Despite the major environmental risks of geoengineering, without it, global warming will certainly have equally disastrous consequences if we fail to stop emitting carbon dioxide. Even if we do manage to completely stop all greenhouse gas emissions, the effects of climate change are slow to take effect, so the world will continue to experience delayed warming and climate shifting even after emissions are stopped. This doesn’t even include the need to reverse the damage that’s already been done due to warming: desertification, decreased crop yields, increased frequency of extreme weather events, and sea level rise, to name a few. Therefore, to reverse current warming and counteract the onset of future warming, geoengineering may be necessary in addition to stopping emissions. If this was the case, injecting sulphates into the atmosphere might have less drastic consequences if they were to be stopped, since no further carbon would have been emitted since starting the injections. However, there would likely still be a sudden increase in temperature, just hopefully not as much. If sulphate injections did become necessary, perhaps decreasing the amount gradually would prevent any dramatic changes in climate or global temperature.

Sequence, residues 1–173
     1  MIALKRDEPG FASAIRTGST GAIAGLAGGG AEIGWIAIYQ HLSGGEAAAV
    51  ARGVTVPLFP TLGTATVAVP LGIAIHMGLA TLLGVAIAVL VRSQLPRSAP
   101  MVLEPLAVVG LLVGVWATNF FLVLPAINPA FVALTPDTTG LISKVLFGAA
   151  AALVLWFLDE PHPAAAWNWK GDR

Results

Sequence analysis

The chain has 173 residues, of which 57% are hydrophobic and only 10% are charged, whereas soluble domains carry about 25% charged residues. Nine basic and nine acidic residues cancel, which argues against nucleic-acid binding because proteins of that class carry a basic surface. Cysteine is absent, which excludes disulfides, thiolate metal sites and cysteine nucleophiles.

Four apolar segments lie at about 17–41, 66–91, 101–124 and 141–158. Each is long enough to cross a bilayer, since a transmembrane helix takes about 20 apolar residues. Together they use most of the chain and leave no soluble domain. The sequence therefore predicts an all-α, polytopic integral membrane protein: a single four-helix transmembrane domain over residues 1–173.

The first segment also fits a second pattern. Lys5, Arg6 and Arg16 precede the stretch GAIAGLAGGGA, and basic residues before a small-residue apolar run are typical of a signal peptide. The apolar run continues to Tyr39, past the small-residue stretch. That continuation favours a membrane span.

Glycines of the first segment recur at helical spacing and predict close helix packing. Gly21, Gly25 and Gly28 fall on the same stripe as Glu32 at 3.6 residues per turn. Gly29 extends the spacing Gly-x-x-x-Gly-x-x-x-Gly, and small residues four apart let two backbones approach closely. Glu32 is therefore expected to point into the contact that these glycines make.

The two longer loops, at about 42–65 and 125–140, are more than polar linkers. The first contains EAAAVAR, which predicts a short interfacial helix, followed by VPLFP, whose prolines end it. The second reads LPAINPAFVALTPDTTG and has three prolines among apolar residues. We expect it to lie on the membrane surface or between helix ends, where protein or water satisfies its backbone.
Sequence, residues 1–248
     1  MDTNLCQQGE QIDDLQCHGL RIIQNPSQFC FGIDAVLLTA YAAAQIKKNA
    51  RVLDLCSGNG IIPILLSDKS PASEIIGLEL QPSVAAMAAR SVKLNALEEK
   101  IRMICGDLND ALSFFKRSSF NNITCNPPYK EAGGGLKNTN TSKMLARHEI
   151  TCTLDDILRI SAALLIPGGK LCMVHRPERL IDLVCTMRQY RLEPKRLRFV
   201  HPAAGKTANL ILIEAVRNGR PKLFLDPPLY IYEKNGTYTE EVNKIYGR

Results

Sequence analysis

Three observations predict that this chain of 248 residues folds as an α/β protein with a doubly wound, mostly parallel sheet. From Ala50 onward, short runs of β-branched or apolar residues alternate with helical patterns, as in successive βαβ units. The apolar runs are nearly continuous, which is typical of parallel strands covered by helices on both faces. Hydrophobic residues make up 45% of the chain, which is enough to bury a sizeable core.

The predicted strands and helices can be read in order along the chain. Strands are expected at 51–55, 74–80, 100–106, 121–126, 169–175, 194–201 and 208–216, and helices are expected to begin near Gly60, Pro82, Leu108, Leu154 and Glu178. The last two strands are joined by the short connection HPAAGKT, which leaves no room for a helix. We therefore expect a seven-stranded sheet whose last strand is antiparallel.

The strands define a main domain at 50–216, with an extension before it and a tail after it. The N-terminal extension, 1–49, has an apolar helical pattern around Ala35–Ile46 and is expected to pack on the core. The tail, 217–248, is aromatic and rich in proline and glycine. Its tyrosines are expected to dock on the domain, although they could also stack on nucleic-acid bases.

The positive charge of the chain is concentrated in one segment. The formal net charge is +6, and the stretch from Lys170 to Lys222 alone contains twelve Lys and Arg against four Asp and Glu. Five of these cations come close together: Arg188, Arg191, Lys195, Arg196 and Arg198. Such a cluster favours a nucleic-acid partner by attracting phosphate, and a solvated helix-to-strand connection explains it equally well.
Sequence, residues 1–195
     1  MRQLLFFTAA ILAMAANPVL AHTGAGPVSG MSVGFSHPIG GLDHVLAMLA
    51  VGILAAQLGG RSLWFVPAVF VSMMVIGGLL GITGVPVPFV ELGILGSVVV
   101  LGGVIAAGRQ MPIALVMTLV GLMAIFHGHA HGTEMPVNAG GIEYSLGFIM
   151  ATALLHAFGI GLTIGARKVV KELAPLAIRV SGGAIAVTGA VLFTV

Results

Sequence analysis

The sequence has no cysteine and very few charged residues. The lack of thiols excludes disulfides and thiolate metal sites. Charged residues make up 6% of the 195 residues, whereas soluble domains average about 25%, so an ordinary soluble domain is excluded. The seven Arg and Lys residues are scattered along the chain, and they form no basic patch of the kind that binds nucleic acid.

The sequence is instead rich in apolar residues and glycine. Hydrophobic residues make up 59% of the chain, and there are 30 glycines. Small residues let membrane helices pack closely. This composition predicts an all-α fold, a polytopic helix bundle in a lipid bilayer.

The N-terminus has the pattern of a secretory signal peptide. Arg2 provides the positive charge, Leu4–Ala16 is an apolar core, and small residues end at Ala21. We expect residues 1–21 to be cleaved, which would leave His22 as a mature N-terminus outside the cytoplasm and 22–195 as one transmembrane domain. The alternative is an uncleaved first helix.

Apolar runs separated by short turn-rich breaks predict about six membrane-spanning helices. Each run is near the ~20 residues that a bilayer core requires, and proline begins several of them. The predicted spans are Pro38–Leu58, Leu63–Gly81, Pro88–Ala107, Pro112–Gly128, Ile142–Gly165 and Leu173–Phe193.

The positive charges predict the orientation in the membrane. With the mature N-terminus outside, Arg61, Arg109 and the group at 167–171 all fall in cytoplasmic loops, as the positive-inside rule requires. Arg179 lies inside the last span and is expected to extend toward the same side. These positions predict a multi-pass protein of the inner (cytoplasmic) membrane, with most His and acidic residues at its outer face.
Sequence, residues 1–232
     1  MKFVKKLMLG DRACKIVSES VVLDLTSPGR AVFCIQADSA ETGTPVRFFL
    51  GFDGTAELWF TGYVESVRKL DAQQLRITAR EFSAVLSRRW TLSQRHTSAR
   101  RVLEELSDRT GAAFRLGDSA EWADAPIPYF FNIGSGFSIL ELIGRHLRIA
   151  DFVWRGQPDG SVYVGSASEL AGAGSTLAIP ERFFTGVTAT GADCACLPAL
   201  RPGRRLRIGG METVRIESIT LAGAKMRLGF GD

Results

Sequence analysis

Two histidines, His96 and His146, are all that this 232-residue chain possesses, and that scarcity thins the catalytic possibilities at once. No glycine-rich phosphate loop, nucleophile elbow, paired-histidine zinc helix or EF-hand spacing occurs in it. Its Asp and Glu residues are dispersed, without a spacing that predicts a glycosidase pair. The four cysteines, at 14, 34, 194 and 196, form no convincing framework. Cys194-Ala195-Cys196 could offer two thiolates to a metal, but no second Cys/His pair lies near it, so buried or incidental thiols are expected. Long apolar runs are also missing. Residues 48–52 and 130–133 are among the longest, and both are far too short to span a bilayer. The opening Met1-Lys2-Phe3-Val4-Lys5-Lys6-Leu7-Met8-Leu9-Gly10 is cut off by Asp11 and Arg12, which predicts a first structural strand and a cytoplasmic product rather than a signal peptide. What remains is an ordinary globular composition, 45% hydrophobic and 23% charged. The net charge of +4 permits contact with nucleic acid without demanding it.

Another insight I contrived while reading the article was how similar it was to another “article” (more of a short story) that I read for my Science of Global Warming class. It’s titled “The Collapse of Western Civilization: A View from the Future” by Oreskes and Conway. Narrated from the perspective of a future historian, it recounts the fall of our current civilization due to our failure to act against climate change. Though it’s fictional, it “reports” similar information as the factual Hamilton article. For example, the future historian explains alarming increases in emissions, like the 3% annual increase described by Hamilton that occurred when China’s economy rapidly developed. Interestingly, both articles were written in 2013, which suggests that the fictional report was based on concurrent knowledge. Furthermore, the Oreskes and Conway essay explained that what “saved mankind” was some kind of microbe that could cool the planet, suggesting that they believed in the potential of geoengineering, as well.

However, for the most part, I take the same stance as many environmentalists when it comes to geoengineering; although I think it is important to have as a backup plan in case of emergency, it is ultimately merely a way of covering up the problem of continued greenhouse gas emissions. As climate conditions worsen, hopefully powerful denialists will be scared into eliminating fossil fuels to save themselves. We just have to hope that this doesn’t happen too late.